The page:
I follow StarTrek.com on Facebook and a few weeks ago, something caught my eye: an article about a study on the “fake geek girl” debate by Marie-Pierre Renaud. Renaud is a graduate student of sociocultural anthropology at Laval University in Quebec and is one of the founders of the fabulous blog The Geek Anthropologist.
For anyone not familiar with the issue, it really flared up online in 2012 after two key articles: one by Tara Tiger Brown at Forbes telling supposedly attention-seeking “fake geek girls” to “please go away”. A couple months later. Joe Peacock wrote an article for CNN called “Booth babes need not apply”, in which he took issue with: “pretty girls pretending to be geeks for attention.”
The debate spiralled out from there, leading to a couple of different memes including the “Idiot Geek Girl” meme. It touched a nerve with a lot of female geeks (like me), who felt we were having our “geek cred” policed unfairly based on gender and appearance.
So as soon as I read Renaud’s article I knew I wanted to connect with her, as a fellow female Canadian Trek fan engaging with these issues. I was thrilled she agreed to take the time to do an interview for Trekkie Feminist.
In the intro to her research, Renaud says she was surprised that she kept encountering an assumption that women were historically rare in geek culture.
“In the rants against ‘fake geek girls’, a lot of the arguments that were invoked was that there didn’t used to be so many women in geek culture, and now that it’s becoming more popular, there are a lot more women. A lot of people who responded to the rants…wouldn’t really contest this idea that it was new for women to be involved in geek culture,” Renaud explained to me.
She said overall there isn’t really research or hard data to support that argument.
“The fact that there are more women who are visible doesn’t mean there are more women than the past…we don’t have a census of geek culture. ‘Geek culture’ keep changing…it’s not something you can clearly define,” she said.
Renaud got into geek culture at a young age by watching Star Trek: TNG with her dad, and her experience with the Trek fandom reinforced her feeling that the idea that women weren’t involved wasn’t necessarily correct.
“I would always be thinking back to documentaries like Trekkies I and II and documentaries about Firefly fans and fans of other franchises, and my experience would always be, well, there are women out there.”
“I titled the foreword to the series, ‘As Always, it Started with Star Trek’ because as a Trekkie, I know, like a lot of Star Trek fans, that one of the reasons the show was saved from cancellation in the 1960s was that Bjo Trimble started this campaign – with her husband – and she’s remembered as the woman who saved Star Trek,” Renaud explained.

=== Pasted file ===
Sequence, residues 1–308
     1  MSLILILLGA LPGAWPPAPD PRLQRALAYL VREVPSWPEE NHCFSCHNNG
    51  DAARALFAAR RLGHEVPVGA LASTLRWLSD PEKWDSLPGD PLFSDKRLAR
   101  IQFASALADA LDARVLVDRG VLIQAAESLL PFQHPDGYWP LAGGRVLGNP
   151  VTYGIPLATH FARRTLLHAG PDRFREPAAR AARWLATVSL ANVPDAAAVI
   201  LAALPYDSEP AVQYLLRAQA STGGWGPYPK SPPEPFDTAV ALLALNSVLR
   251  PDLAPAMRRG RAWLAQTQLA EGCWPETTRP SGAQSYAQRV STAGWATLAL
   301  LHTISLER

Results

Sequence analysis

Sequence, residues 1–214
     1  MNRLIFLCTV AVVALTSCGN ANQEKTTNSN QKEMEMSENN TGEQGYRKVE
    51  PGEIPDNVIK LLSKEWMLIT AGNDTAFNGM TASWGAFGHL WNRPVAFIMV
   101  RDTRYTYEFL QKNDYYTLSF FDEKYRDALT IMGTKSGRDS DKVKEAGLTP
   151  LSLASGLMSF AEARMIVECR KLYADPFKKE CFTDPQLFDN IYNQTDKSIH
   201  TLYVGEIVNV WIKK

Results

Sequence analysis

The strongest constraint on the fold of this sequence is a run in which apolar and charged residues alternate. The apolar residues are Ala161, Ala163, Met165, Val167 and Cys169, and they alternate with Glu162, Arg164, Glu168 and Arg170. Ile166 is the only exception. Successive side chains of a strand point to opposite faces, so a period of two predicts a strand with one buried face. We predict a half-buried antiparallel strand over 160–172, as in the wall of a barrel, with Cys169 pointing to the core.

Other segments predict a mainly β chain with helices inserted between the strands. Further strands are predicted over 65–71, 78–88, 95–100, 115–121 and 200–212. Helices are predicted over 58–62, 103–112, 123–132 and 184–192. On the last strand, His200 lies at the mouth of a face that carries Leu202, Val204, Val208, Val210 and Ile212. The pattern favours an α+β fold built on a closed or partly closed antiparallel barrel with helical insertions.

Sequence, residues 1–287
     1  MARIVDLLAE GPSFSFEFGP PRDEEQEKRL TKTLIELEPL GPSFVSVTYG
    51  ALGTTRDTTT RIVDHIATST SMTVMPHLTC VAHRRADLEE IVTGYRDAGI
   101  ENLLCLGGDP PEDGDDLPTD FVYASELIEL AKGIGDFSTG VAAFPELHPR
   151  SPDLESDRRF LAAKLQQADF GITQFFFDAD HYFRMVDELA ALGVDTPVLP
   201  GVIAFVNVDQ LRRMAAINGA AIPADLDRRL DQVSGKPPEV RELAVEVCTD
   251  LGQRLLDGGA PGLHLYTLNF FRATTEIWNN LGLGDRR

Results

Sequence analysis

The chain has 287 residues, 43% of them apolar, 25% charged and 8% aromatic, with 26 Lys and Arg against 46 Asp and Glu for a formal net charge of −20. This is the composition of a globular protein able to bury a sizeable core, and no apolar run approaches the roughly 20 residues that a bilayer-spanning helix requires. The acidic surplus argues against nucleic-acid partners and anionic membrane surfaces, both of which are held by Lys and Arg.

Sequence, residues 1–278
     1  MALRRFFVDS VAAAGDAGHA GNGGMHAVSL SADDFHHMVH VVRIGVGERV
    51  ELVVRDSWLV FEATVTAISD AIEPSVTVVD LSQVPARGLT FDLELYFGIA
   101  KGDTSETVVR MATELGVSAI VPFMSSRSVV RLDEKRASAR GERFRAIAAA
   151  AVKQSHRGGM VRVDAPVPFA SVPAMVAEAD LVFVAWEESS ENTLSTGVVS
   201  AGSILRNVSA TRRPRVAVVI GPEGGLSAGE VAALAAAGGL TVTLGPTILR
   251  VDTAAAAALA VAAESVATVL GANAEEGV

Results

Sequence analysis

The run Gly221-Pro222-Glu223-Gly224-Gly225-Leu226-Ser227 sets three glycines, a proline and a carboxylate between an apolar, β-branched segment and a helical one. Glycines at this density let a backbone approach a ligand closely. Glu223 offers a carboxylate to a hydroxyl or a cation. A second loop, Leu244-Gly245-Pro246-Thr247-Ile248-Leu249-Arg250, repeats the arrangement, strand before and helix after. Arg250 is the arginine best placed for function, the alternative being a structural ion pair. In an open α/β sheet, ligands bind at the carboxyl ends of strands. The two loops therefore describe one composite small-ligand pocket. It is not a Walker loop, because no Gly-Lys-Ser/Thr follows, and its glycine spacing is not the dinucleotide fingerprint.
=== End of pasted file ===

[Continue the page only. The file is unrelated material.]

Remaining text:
“We have to ask ourselves were women really absent? Were we ignoring them? Were we making them more invisible? And if they were really present in less numbers than men, then why was that the case? We can’t just assume if there weren’t women there, they were not interested.”
That led to the creation of the Geek Girl Survey, which aimed to explore these questions and get at the heart of the different choices geek girls make about participating in geek culture and the factors that influence them.
To bring in the analysis of the “fake geek girl” debate, Renaud analyzed a sampling of the major rants against “fake geek girls” and several rebuttals. In the comments on these articles and on her work, she noted:
“The one thing that kept coming up was, ‘Why does this matter? Who cares if there are fake geek girls in geek culture?’…To me, the issue is that there’s a debate on this. To me, the issue is there’s discrimination against women, on factors that are closely linked to their gender and physical appearance.”
Renaud says male geeks experience some policing as well: “If somebody is too muscular, people will go, ‘That’s not a geek; that’s a jock.’ or if somebody is smartly dressed someone might say, ‘That’s not a geek; that’s a hipster.’…but it’s not as common and it’s not as aggressive. And there are more criteria. It’s a more complex form of discrimination. It’s not just like, ‘Oh, you’re a guy – you’re fake.'”
“When you’re a girl it’s like de facto that you have to prove you’re really a geek.”
She said she’s not surprised by the issue, though, noting that when women get more involved in almost any kind of male-dominated profession or area, “there is always this kind of resistance. It’s just history repeating itself.”
I was curious about if Renaud feels things are different in Canada and if she herself had ever felt like her geek cred was called into question based on her gender.
“If you look at Canada and Quebec, I try to find examples of it and there are, but…I’ve never heard anything so dramatic. I’m not saying everything’s perfect here but the situation’s a lot quieter,” she said.
“I’ve never had such aggressive attitudes towards me as what I read about. The worst thing that happens to me is that people assume the man next to me is the geeky person.”
Of course I couldn’t finish off without asking Renaud who her favourite Star Trek characters are.
“My favourite Star Trek character is Jean-Luc Picard. My favourite woman character, well, I really like Kira Nerys. I thought she really kicked ass.”
If you’re interested in these issues, I highly recommend checking out Renaud’s posts at The Geek Anthropologist. Part 3 of The (Fake) Geek Girl Project just went up today.
She also started a list of the Female Pioneers of Geekdom at her blog to challenge the idea that women in geek culture is a new thing.
And Renaud encourages both aspiring social science students and experienced anthropologists who are interested in geek culture to get in touch about joining their online community. Check out http://thegeekanthropologist.com/about-tga/ for more information on how you can contribute.